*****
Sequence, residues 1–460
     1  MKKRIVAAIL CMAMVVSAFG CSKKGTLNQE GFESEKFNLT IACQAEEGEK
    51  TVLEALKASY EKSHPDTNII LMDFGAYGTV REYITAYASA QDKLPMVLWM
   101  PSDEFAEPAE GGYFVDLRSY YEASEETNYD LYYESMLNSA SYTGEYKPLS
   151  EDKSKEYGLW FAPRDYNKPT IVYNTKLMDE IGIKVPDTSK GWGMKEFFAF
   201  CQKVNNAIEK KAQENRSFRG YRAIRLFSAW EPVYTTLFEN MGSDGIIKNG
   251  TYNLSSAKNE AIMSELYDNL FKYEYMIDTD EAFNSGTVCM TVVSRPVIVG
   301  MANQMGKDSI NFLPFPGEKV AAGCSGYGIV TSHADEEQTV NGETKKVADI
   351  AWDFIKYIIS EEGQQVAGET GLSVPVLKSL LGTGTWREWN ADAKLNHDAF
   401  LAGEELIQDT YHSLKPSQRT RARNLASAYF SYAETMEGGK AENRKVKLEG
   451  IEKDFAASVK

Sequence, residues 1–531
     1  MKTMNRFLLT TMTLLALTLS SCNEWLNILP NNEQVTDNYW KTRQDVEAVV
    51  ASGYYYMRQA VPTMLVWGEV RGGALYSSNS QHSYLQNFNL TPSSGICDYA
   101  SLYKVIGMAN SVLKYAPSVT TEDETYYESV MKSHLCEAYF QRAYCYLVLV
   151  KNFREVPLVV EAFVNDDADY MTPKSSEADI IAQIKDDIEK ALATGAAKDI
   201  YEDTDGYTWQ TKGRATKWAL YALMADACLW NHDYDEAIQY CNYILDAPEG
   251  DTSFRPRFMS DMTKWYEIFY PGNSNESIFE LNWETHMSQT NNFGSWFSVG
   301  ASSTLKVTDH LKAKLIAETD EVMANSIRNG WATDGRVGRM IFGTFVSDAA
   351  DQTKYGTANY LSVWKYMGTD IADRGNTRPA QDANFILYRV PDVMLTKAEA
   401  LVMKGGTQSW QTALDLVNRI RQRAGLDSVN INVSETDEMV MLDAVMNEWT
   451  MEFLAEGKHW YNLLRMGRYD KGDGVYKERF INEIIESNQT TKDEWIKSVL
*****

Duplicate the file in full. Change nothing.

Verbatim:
Sequence, residues 1–460
     1  MKKRIVAAIL CMAMVVSAFG CSKKGTLNQE GFESEKFNLT IACQAEEGEK
    51  TVLEALKASY EKSHPDTNII LMDFGAYGTV REYITAYASA QDKLPMVLWM
   101  PSDEFAEPAE GGYFVDLRSY YEASEETNYD LYYESMLNSA SYTGEYKPLS
   151  EDKSKEYGLW FAPRDYNKPT IVYNTKLMDE IGIKVPDTSK GWGMKEFFAF
   201  CQKVNNAIEK KAQENRSFRG YRAIRLFSAW EPVYTTLFEN MGSDGIIKNG
   251  TYNLSSAKNE AIMSELYDNL FKYEYMIDTD EAFNSGTVCM TVVSRPVIVG
   301  MANQMGKDSI NFLPFPGEKV AAGCSGYGIV TSHADEEQTV NGETKKVADI
   351  AWDFIKYIIS EEGQQVAGET GLSVPVLKSL LGTGTWREWN ADAKLNHDAF
   401  LAGEELIQDT YHSLKPSQRT RARNLASAYF SYAETMEGGK AENRKVKLEG
   451  IEKDFAASVK

Sequence, residues 1–531
     1  MKTMNRFLLT TMTLLALTLS SCNEWLNILP NNEQVTDNYW KTRQDVEAVV
    51  ASGYYYMRQA VPTMLVWGEV RGGALYSSNS QHSYLQNFNL TPSSGICDYA
   101  SLYKVIGMAN SVLKYAPSVT TEDETYYESV MKSHLCEAYF QRAYCYLVLV
   151  KNFREVPLVV EAFVNDDADY MTPKSSEADI IAQIKDDIEK ALATGAAKDI
   201  YEDTDGYTWQ TKGRATKWAL YALMADACLW NHDYDEAIQY CNYILDAPEG
   251  DTSFRPRFMS DMTKWYEIFY PGNSNESIFE LNWETHMSQT NNFGSWFSVG
   301  ASSTLKVTDH LKAKLIAETD EVMANSIRNG WATDGRVGRM IFGTFVSDAA
   351  DQTKYGTANY LSVWKYMGTD IADRGNTRPA QDANFILYRV PDVMLTKAEA
   401  LVMKGGTQSW QTALDLVNRI RQRAGLDSVN INVSETDEMV MLDAVMNEWT
   451  MEFLAEGKHW YNLLRMGRYD KGDGVYKERF INEIIESNQT TKDEWIKSVL